LAE - The poem, ‘The Painting of a Black Woman’, by Wardley Barry is a sonnet worthy of close attention.
Stanza 1 is a profound revelation of the black male mentality of owning the black female (painting her) and to raise her on male determined, and therefore accepted, societal norms (kaukau – actually less than 400 years old in PNG).
It raises other issues including to ground the black female in society’s values (‘the earth’, though giraun would have fit nicely); to beautify or to bewitch (kambang) her as a black man sees fit; and to teach her to be clever enough to do as instructed and be independent (so that she doesn’t have to be told again?) - so long as she doesn’t talk back.
Stanza 2 describes the traditional commoditisation of the black woman and her marketability as improved and imposed by the traditional black man (‘I took her… / …I demanded’).
The self-centered desire that all her physical traits be left the way black man determined her to be best served (and serviceable?) and even her ‘heart still coloured’. No doubt for the benefit of the black man, whose heart must likewise be coloured, we are left to assume, and therefore worthy of her prize.
Despite this, stanza 3 discloses that the generosity of the proprietary black man is outstanding, particularly where the masta is concerned it seems.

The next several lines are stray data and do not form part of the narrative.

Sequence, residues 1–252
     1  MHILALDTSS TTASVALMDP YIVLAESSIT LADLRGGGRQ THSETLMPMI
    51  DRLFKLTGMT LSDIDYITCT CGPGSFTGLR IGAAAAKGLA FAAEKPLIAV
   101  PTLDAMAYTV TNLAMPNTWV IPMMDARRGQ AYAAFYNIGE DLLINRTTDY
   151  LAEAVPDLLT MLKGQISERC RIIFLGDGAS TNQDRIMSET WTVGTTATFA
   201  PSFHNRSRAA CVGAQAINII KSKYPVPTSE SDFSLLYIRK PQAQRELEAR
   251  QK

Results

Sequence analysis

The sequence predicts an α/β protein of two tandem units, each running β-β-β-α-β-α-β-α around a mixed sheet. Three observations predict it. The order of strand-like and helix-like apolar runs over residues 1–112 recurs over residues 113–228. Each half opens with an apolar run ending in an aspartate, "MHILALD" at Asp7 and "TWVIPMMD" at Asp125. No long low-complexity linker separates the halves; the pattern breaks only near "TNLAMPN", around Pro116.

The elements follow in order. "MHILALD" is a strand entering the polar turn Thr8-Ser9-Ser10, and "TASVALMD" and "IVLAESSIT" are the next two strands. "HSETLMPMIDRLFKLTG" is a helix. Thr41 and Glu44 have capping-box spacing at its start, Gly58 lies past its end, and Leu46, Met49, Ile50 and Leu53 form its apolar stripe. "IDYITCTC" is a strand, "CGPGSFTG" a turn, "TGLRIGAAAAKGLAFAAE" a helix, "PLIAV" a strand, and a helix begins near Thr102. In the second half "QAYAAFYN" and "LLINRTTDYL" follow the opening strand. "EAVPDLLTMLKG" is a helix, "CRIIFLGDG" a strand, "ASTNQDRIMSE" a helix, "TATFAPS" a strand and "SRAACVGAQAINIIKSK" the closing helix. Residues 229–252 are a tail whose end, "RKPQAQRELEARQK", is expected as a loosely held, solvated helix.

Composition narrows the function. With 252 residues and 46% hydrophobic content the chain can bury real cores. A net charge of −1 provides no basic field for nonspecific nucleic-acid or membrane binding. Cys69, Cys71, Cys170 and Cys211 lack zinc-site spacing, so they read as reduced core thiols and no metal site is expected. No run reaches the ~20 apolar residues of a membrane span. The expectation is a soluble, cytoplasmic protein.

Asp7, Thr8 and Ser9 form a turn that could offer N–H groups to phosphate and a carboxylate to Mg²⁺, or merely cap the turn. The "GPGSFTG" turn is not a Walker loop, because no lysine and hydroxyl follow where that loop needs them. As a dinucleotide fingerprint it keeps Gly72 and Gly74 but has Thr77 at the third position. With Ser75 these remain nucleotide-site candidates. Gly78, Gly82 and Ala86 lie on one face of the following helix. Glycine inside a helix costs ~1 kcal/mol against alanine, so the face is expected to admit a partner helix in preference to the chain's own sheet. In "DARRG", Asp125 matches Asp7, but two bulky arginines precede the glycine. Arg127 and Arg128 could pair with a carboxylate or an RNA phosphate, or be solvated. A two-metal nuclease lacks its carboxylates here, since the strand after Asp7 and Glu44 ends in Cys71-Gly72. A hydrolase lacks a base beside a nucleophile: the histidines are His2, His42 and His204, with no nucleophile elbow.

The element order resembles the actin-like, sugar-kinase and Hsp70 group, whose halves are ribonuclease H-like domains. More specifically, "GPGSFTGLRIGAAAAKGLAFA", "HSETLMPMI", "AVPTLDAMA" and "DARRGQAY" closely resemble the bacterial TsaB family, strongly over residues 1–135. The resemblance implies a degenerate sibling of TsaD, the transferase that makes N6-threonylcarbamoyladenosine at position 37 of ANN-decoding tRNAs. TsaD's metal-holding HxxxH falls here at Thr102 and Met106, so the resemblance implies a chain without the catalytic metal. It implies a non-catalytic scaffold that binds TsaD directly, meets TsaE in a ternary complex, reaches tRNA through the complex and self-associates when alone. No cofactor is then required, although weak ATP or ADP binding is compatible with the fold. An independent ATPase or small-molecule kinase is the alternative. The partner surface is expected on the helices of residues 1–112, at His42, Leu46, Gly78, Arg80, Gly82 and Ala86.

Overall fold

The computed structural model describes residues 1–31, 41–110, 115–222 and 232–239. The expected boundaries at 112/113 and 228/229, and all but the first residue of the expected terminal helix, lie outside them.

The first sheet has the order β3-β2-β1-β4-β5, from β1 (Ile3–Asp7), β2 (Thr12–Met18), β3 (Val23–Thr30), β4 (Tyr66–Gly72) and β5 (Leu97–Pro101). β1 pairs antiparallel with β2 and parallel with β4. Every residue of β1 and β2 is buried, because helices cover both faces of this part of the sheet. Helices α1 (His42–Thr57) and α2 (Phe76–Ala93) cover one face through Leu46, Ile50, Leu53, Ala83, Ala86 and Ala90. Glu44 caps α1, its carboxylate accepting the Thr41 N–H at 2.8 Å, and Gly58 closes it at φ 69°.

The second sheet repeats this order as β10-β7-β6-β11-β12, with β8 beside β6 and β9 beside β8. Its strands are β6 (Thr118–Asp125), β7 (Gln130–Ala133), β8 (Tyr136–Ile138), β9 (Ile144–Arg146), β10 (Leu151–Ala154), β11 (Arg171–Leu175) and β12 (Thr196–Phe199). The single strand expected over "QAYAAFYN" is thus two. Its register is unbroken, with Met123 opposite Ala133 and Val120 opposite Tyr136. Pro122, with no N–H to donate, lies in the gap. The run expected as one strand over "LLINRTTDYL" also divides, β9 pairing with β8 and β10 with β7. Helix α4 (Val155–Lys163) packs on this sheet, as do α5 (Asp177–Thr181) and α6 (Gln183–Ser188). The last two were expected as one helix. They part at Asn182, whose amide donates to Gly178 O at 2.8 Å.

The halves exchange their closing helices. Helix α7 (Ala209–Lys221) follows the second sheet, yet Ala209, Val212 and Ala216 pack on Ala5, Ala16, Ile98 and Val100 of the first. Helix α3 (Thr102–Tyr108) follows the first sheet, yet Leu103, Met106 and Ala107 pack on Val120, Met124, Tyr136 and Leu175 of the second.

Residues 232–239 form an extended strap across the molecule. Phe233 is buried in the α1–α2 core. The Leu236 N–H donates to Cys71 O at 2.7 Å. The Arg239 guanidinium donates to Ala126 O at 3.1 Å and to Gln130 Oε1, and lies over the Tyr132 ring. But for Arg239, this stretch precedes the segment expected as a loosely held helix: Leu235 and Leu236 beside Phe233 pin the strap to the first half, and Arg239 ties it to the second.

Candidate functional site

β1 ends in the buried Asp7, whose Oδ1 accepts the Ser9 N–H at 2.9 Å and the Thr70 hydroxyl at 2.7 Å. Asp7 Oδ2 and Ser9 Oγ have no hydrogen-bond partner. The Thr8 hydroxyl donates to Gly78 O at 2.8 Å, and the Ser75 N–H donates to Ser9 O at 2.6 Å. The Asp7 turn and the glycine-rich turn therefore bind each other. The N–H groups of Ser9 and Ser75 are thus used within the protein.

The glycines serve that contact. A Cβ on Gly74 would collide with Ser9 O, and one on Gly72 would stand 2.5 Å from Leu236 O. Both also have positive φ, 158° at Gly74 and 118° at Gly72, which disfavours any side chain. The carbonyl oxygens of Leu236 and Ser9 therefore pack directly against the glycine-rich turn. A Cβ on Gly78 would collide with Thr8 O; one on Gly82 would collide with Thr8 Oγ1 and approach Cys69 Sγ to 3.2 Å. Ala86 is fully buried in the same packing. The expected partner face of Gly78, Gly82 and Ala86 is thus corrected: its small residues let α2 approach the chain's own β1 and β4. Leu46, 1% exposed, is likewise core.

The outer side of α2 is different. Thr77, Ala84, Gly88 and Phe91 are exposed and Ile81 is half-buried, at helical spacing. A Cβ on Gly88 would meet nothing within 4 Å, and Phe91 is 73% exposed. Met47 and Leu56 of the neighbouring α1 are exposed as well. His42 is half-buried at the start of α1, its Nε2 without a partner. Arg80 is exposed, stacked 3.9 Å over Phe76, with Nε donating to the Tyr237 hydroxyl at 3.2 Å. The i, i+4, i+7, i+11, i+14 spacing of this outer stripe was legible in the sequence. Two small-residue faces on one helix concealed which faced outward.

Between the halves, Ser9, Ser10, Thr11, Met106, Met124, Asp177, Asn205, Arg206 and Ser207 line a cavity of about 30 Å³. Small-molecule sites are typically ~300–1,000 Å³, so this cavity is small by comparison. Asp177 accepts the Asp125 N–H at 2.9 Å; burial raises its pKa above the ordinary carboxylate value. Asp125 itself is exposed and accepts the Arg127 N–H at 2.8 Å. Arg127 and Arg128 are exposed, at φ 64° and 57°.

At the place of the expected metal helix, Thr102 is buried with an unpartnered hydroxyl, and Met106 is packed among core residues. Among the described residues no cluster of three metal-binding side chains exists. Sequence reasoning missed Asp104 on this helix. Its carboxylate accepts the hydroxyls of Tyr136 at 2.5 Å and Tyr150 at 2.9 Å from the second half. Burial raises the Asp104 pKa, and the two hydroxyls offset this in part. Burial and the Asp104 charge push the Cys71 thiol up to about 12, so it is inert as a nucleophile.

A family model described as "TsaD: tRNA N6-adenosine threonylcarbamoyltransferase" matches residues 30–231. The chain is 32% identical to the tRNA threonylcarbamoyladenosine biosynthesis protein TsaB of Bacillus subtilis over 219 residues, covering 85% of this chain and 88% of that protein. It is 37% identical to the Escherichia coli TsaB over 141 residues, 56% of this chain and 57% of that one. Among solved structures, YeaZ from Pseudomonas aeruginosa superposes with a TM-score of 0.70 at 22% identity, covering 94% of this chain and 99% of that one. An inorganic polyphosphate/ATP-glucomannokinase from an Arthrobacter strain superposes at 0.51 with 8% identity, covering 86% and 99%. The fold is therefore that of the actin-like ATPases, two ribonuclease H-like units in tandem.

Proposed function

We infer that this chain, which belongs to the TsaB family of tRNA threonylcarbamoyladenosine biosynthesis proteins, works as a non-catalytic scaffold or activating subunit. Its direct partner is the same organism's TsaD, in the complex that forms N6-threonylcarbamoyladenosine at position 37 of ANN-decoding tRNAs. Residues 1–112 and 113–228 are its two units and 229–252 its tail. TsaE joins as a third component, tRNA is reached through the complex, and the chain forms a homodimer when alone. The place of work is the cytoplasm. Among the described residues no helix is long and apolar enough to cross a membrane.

Some form of free-trade agreement results, whereby the black man condemns himself to loss, to servitude through ignorance and/or idolisation of ‘the superior’ (?).
This master has his own ‘magical devices’ which begin to smudge the paint on the prized black woman, who now wears on her lips the mark of a foreign culture, indicating a mouth that is no longer meek – she talks back.
Moreover the talking back was aided by book learning (chewed papers). And, horror of horrors, she no longer abides by the male determined and therefore accepted societal norms (kaukau becomes cow cow).
In the couplet, the traditional black man, poor sod, meets the black woman he once painted at a modern day market and sees that she now has all that modern day bling and does not speak the same language as him anymore.
Very likely this is an easy enough metaphorical story to follow for those involved in the current raging gender debates, while others not on the same page may find it puzzling at first.
Nevertheless, it is pleasing to read the male chauvinist messages delivered in good form, and where the use of metonyms is also prominent, a rare device.
Well done, Wardley.
This sonnet raises some questions in my mind.
Why does the black man, kanaka-ed by giving away the black woman to the masta, not seem to understand that the prize would also be similarly changed in the process or as a result?
Why does the black man still seem to rue the deal and the superiority of the masta?
Does he blame the black woman for her changing?
Did he not take her to market with the intention to sell and then decide to give her away for free?
Isn’t this all his fault? Or, was there in fact a price to be paid that he doesn’t admit to or want to accept?
Are we to assume that the black man ‘maintained his colour’, eats kaukau and still sleeps on the earth?
The gist of it seems to be that the ‘loss’ of the painted black woman is yet another evil brought on by the masta mentality – the colonised mind of the kanaka.
Maybe the black man needs to value his black woman a little more, so that he never gives her away for free.
Maybe the black man should stop painting the black woman and let her be the colour she wants to be.